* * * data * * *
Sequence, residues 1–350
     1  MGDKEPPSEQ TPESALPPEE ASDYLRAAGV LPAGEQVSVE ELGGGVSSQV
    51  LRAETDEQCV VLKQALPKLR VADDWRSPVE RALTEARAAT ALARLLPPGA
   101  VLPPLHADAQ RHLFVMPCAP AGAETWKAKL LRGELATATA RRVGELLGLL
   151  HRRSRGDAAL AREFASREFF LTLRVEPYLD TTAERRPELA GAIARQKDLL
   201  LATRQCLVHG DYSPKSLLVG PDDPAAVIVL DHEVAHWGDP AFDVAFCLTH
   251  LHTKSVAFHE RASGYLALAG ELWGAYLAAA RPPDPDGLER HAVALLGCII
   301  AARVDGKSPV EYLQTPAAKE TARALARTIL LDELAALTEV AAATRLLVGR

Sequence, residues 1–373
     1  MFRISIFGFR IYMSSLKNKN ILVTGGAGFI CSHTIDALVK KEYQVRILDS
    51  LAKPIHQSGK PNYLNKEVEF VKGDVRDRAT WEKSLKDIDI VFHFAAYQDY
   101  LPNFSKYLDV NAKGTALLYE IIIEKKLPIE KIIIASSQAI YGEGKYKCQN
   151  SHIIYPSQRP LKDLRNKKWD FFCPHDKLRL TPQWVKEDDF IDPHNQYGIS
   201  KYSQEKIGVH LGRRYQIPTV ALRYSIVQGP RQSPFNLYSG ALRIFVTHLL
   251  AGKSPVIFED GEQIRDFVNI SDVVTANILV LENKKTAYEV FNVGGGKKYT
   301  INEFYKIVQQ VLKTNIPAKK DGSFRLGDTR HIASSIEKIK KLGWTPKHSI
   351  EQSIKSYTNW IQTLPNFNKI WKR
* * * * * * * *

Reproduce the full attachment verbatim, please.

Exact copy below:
Sequence, residues 1–350
     1  MGDKEPPSEQ TPESALPPEE ASDYLRAAGV LPAGEQVSVE ELGGGVSSQV
    51  LRAETDEQCV VLKQALPKLR VADDWRSPVE RALTEARAAT ALARLLPPGA
   101  VLPPLHADAQ RHLFVMPCAP AGAETWKAKL LRGELATATA RRVGELLGLL
   151  HRRSRGDAAL AREFASREFF LTLRVEPYLD TTAERRPELA GAIARQKDLL
   201  LATRQCLVHG DYSPKSLLVG PDDPAAVIVL DHEVAHWGDP AFDVAFCLTH
   251  LHTKSVAFHE RASGYLALAG ELWGAYLAAA RPPDPDGLER HAVALLGCII
   301  AARVDGKSPV EYLQTPAAKE TARALARTIL LDELAALTEV AAATRLLVGR

Sequence, residues 1–373
     1  MFRISIFGFR IYMSSLKNKN ILVTGGAGFI CSHTIDALVK KEYQVRILDS
    51  LAKPIHQSGK PNYLNKEVEF VKGDVRDRAT WEKSLKDIDI VFHFAAYQDY
   101  LPNFSKYLDV NAKGTALLYE IIIEKKLPIE KIIIASSQAI YGEGKYKCQN
   151  SHIIYPSQRP LKDLRNKKWD FFCPHDKLRL TPQWVKEDDF IDPHNQYGIS
   201  KYSQEKIGVH LGRRYQIPTV ALRYSIVQGP RQSPFNLYSG ALRIFVTHLL
   251  AGKSPVIFED GEQIRDFVNI SDVVTANILV LENKKTAYEV FNVGGGKKYT
   301  INEFYKIVQQ VLKTNIPAKK DGSFRLGDTR HIASSIEKIK KLGWTPKHSI
   351  EQSIKSYTNW IQTLPNFNKI WKR